: (lv:subtract pt1 vec1)
(4 4 2)

lv:multiply

Multiplies coordinate values with a fixed value.

With coordinate list x,y,z and factor f, the result in spreadsheet notation is:
x*f,y*f,z*f

(lv:multiply
  list factor
)

Arguments

List contains x,y,z coordinates. Factor is a value.

Return Values

A list with coordinates.

Examples

:(setq vec (list 2 3 4))
(2 3 4)
: (setq fac 2.0)
2.0
: (lv:multiply vec fac)
(4 6 8)

lv:divide

Divides coordinate values with a fixed value.

With coordinate list x,y,z and factor f, the result in spreadsheet notation is:
x/f,y/f,z/f

(lv:divide
  list factor
)

Arguments

List contains x,y,z coordinates. Factor is a value, real or integer, see example for consequences.

Return Values

A list with coordinates.

Examples

:(setq vec (list 2 3 4))
(2 3 4)
: (setq fac 2.0)
2.0
: (lv:divide vec fac)
(1.0 1.5 2.0)
: (setq fac 2)
2
: (lv:divide vec fac)
(1 1 2)

lv:minus

Additional inverses a list with values.

Changes the sign of a vector, creating the opposite vector.

Arguments

List contains values, for example x,y,z coordinates.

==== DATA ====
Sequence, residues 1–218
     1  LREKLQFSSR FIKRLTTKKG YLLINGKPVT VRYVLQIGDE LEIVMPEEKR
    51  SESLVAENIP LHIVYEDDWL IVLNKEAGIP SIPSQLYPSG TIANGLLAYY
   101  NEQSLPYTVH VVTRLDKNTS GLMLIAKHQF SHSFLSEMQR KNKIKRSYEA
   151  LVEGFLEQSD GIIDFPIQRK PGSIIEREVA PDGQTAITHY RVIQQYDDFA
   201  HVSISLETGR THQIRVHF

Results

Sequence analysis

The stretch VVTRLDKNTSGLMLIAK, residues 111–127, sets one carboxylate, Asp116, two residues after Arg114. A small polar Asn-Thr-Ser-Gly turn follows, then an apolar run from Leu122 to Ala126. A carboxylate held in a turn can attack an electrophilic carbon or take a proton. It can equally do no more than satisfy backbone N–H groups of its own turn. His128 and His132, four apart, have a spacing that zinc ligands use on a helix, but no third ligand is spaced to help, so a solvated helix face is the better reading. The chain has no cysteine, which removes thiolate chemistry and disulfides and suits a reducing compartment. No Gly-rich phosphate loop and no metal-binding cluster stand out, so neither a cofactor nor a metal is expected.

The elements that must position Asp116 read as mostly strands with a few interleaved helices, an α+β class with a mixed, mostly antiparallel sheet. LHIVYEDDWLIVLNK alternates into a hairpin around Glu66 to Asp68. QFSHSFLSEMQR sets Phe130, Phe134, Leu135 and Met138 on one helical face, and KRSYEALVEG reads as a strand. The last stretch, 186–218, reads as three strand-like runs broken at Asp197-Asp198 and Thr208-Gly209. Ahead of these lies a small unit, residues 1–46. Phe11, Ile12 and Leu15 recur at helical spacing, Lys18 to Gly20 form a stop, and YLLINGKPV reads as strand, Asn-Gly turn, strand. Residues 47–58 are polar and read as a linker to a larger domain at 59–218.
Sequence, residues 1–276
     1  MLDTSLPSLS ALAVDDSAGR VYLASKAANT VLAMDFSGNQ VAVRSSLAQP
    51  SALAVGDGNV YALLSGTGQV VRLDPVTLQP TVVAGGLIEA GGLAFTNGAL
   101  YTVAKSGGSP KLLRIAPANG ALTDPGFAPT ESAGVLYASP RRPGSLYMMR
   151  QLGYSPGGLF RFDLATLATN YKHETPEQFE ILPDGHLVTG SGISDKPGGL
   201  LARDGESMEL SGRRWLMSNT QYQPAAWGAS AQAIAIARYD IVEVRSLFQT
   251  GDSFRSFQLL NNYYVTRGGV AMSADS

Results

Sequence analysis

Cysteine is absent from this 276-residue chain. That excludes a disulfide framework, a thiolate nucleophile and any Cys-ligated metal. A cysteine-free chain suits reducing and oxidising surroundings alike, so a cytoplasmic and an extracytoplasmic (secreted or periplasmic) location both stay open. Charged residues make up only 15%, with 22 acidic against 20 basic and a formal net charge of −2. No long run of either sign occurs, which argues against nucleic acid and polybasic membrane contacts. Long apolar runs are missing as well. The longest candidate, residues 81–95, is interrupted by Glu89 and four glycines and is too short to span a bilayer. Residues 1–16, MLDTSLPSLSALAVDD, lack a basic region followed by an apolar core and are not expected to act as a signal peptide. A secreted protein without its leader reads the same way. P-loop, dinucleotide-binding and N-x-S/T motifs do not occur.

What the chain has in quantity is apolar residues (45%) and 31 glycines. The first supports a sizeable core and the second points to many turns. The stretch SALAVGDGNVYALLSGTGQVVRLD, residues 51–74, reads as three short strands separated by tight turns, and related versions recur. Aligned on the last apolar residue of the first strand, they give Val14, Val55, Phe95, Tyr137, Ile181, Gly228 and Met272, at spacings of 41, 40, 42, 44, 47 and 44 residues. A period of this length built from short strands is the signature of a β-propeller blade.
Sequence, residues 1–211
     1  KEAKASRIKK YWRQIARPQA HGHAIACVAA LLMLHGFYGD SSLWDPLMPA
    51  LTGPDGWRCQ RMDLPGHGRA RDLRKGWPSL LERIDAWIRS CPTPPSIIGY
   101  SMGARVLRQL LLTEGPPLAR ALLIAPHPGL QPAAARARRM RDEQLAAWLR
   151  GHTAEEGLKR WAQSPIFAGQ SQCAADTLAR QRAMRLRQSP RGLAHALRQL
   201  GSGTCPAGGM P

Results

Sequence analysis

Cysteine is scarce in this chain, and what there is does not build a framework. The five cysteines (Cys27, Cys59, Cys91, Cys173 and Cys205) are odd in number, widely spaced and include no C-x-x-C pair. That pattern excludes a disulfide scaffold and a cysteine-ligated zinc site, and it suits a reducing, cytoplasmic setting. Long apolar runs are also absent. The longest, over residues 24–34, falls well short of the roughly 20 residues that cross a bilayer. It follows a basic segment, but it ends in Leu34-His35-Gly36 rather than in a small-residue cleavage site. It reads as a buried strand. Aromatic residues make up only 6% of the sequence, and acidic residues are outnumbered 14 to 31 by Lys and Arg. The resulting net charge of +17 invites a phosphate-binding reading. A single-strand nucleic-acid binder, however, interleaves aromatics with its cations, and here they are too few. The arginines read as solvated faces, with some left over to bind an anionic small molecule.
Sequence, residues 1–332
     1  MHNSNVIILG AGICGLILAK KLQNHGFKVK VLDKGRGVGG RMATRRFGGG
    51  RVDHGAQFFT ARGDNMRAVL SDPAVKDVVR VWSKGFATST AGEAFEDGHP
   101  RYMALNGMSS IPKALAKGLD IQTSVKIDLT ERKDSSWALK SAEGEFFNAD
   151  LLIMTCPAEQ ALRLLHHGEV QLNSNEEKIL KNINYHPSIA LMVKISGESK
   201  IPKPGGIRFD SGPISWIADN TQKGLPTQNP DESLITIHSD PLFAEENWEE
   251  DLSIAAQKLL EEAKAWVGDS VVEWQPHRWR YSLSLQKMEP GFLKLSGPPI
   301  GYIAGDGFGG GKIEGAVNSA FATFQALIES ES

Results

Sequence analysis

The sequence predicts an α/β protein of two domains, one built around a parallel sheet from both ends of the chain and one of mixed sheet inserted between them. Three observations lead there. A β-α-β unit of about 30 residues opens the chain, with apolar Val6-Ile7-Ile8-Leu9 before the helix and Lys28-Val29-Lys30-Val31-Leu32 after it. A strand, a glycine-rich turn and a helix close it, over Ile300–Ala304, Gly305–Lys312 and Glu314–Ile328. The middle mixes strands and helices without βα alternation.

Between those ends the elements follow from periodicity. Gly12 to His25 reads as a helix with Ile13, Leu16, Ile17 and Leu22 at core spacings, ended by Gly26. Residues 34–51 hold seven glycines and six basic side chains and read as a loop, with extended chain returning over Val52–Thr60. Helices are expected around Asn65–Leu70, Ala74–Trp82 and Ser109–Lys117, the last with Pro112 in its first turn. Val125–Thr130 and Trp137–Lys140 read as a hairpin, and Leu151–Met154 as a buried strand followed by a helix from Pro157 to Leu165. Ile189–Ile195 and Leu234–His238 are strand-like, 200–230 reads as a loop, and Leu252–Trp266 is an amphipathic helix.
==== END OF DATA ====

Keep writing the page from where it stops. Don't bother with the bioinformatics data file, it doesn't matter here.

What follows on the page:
Return Values

A list with coordinates or values.

Examples

:(setq vec (list 2 3 4.0))
(2 3 4)
: (lv:minus vec )
(-2 -3 -4.0))

lv:dist3d

3D distance between point 1 and 2.

In Lisp there is a function (distance a b) but it is tempting to use your own function because (distance a b) treats all points 2D when it encounters one 2D point. An alternative function (lv:dist3d point1 point2) works always 3D and calculates “the square root of the sum of the squares of the delta x, y and z values”.

With the distance between point1 and point2, point1 is x,y,z and point2 is x',y',z', the formula in spreadsheet notation is:
dist3d=sqrt(((x'-x)^2)+((y'-y)^2)+((z'-z)^2))

(lv:dist3d
  point1 point2
)

Arguments

Point1 and point2 are lists containing x,y,z coordinates.

Return Values

The 3D distance between point1 and point2 as a real.

Examples

:(setq pt2 (list 4 0 0))
(4 0 0)
: (setq pt1 (list 0 3 0))
(0 3 0)